As he became more comfortable, he started to say more than "ugh" and "no." Everything he said was a repeat of what you said to him. Even if I said things like, "I am a pretty girl," he would repeat with "I am a pretty girl." He didn't even seem to realize what he was saying. I just wanted him to keep talking.
Then, one day, it happened. This young man was walking across the amphitheater making funny shadows as he walked and I said to him, "You are a goof." He turned around, looked me straight in the eye (which was a victory in itself) and said, "No, you are the goof."
It was a real-time, honest, original sentence. I was so excited that I wanted to hear it again and replied with the not-quite-mature-but-engaging "No, you sir, are the goof." At which point he walked to me, said, "you are goof," and ran ahead with a giggle.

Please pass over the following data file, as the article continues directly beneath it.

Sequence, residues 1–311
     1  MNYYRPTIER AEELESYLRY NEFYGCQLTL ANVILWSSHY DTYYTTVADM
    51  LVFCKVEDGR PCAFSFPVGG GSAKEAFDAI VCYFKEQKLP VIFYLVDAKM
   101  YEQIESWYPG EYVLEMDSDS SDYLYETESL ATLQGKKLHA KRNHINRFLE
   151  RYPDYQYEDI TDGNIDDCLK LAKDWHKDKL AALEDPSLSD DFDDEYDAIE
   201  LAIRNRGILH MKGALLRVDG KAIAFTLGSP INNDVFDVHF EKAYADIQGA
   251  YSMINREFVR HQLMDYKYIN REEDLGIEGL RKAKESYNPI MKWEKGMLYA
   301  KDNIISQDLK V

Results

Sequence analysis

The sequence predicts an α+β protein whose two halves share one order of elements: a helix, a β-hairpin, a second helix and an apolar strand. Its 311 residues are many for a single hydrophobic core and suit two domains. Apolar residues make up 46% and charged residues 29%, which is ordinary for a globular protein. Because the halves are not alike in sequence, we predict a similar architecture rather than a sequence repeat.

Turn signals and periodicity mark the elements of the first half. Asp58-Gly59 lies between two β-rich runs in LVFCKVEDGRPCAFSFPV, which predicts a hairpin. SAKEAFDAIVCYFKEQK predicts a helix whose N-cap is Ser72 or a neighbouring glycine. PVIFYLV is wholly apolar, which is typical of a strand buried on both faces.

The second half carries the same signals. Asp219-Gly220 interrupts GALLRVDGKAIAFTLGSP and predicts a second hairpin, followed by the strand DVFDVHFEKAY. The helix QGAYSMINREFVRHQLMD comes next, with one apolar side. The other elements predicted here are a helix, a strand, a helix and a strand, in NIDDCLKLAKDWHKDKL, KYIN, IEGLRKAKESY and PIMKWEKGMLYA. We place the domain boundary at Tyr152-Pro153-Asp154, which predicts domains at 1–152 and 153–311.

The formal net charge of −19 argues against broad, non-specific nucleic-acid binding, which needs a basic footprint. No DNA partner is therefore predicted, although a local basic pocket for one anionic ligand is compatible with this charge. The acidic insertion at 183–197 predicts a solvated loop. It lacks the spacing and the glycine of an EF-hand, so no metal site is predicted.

From that day on, this young man did two things:
Spoke conversationally with his own ideas, requests, and initiation
Called me "Goof" as though that is my name.
Needless to say, my principal at the time heard the story as I was sharing his celebration and she also adopted the name for me. The young man's mom could only call me "Goof" or he would correct her. Within a month, that was my name. One I wore proudly as it was the result of one amazing moment as a teacher. A few years later, I moved to a new state and received this beautiful gift that I still treasure.